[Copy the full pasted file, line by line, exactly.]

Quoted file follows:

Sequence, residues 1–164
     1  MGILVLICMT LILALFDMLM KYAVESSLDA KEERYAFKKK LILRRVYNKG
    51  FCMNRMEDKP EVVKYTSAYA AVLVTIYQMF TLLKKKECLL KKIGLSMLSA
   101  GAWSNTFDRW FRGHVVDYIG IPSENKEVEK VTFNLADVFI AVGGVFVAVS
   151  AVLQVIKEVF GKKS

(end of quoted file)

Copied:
Sequence, residues 1–164
     1  MGILVLICMT LILALFDMLM KYAVESSLDA KEERYAFKKK LILRRVYNKG
    51  FCMNRMEDKP EVVKYTSAYA AVLVTIYQMF TLLKKKECLL KKIGLSMLSA
   101  GAWSNTFDRW FRGHVVDYIG IPSENKEVEK VTFNLADVFI AVGGVFVAVS
   151  AVLQVIKEVF GKKS